Wild Geese over Radcliffe

‘What was he doing?’ I ask Mark.

‘No idea,’ he replies. ‘Just staring.’

The next morning Joe and Mark are down for breakfast before me. Joe is mashing his habitual Weetabix into its usual pulp. The walking stick again rests over a drawer handle, threatening to be forgotten.

‘He said he thought he heard burglars,’ says Mark.

‘But he doesn’t hear anything,’ I say.

Joe starts making a cup of tea. Naturally, he has no idea we are talking about him.
The cat bounds in suddenly, moaning and squawking about something. The there’s another noise. At first I don’t recognise it but then I’d swear I can hear voices. Human voices. Joe’s probably left his television on again. But they seem to be getting louder and clearer. Someone coming along the street, then?

The noise gets much louder. The cat goes berserk.

Joe suddenly looks up.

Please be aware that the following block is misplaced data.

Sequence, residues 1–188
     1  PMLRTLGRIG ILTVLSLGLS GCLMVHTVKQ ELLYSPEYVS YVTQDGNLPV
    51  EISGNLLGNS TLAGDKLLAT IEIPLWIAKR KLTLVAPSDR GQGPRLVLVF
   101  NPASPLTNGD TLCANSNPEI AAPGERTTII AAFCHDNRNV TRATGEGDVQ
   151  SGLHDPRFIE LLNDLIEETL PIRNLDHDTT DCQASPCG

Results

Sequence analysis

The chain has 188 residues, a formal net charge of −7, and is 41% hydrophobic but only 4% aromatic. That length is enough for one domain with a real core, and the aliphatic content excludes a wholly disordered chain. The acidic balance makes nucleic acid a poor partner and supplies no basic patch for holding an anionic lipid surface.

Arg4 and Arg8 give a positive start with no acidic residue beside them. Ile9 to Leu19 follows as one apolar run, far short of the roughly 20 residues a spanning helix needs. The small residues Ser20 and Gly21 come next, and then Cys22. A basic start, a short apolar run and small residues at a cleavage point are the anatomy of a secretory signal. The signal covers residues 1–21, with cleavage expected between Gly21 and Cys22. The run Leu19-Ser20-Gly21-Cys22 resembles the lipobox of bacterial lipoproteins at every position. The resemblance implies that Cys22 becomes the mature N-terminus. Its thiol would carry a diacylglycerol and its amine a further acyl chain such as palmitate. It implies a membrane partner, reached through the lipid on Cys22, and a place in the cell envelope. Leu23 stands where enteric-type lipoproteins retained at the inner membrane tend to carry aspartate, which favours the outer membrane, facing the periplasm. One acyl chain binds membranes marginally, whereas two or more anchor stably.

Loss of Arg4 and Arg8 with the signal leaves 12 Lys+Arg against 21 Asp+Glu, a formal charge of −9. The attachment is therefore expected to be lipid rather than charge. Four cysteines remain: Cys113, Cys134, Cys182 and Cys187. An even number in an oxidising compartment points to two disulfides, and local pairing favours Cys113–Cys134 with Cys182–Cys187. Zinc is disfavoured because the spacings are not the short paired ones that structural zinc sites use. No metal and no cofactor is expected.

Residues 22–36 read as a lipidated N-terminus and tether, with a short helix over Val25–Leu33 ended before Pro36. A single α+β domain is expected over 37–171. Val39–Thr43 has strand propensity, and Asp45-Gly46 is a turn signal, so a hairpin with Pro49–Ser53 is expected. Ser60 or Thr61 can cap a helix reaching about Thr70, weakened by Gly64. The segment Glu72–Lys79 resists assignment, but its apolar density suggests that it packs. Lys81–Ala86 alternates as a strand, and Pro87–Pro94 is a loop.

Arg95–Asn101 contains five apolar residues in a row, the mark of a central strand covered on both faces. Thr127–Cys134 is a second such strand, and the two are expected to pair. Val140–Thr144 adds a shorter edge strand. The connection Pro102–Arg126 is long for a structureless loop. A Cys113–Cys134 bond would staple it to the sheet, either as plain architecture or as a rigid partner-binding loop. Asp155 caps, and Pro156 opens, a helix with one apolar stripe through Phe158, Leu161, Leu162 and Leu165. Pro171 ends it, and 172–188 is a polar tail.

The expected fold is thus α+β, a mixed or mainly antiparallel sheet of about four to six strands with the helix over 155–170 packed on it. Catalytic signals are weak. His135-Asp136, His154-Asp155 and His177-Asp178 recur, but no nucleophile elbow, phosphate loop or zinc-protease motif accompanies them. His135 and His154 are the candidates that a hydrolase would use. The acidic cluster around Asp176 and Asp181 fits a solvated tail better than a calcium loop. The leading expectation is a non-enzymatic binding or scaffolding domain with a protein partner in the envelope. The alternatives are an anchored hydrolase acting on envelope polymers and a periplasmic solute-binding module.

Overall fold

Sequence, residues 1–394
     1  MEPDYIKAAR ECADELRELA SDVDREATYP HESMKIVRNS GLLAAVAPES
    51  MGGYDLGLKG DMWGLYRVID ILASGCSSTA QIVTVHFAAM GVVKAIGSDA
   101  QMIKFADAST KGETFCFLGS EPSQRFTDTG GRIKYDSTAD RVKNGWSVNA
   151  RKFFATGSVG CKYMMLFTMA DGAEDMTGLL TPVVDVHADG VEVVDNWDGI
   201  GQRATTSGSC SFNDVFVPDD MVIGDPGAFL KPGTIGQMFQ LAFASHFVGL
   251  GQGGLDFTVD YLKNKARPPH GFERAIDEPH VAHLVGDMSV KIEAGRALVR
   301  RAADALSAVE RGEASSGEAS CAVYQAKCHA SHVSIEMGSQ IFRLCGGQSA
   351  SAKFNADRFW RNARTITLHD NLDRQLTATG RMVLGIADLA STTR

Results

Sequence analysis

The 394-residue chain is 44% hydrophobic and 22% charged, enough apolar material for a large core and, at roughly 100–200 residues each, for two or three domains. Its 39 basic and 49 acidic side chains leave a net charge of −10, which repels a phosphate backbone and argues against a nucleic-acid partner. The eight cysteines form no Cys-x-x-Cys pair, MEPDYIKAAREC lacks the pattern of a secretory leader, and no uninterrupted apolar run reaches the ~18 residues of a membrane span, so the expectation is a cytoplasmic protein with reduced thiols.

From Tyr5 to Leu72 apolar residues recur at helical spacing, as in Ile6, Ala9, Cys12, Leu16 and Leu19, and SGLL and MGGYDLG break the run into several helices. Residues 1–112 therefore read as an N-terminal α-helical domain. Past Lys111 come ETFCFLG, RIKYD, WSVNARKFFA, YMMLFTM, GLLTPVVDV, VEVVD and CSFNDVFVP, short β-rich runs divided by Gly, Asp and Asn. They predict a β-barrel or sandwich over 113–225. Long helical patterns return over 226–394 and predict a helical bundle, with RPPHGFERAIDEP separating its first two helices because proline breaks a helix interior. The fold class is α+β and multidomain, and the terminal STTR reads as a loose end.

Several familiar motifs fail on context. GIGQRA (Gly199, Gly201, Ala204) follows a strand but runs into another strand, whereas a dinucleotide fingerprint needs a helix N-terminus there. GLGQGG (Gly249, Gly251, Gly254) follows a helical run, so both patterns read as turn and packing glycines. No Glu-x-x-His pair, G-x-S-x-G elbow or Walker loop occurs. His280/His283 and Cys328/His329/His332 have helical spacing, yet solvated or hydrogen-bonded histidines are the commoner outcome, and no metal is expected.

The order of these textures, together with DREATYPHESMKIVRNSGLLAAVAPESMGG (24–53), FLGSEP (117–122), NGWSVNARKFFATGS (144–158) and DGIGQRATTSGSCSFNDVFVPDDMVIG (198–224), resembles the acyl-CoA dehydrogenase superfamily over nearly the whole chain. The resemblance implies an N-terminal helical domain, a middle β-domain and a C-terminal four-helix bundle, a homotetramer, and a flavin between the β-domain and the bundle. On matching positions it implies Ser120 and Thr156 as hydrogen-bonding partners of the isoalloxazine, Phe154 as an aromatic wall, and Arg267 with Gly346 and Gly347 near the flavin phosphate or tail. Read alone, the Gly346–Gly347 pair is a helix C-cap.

Then we see them. The flock of beautiful wild geese, flying in a V formation made up of three other V formations, cutting a pattern into the plain blue sky, making it all look effortless. They’re chattering away.

‘There they go,’ said Joe. ‘That must have been what I heard last night.’

He shuffles towards the lounge.

‘Do they fly at night?’ I ask, guessing that they probably don’t and knowing that I didn’t hear them anyway.

‘What did you say?’ asks Joe, handing me the pad and the pen. ‘You know I can’t hear a bloody thing.’

Gill James writes for children and young adults, as well as short stories for adults. She teaches creative writing at the University of Salford. http://gilljames.blogspot.com/

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One Response to “Wild Geese over Radcliffe”

  1. January 26, 2009 at 9:22 am, Judy said:

    sweet – made me smile


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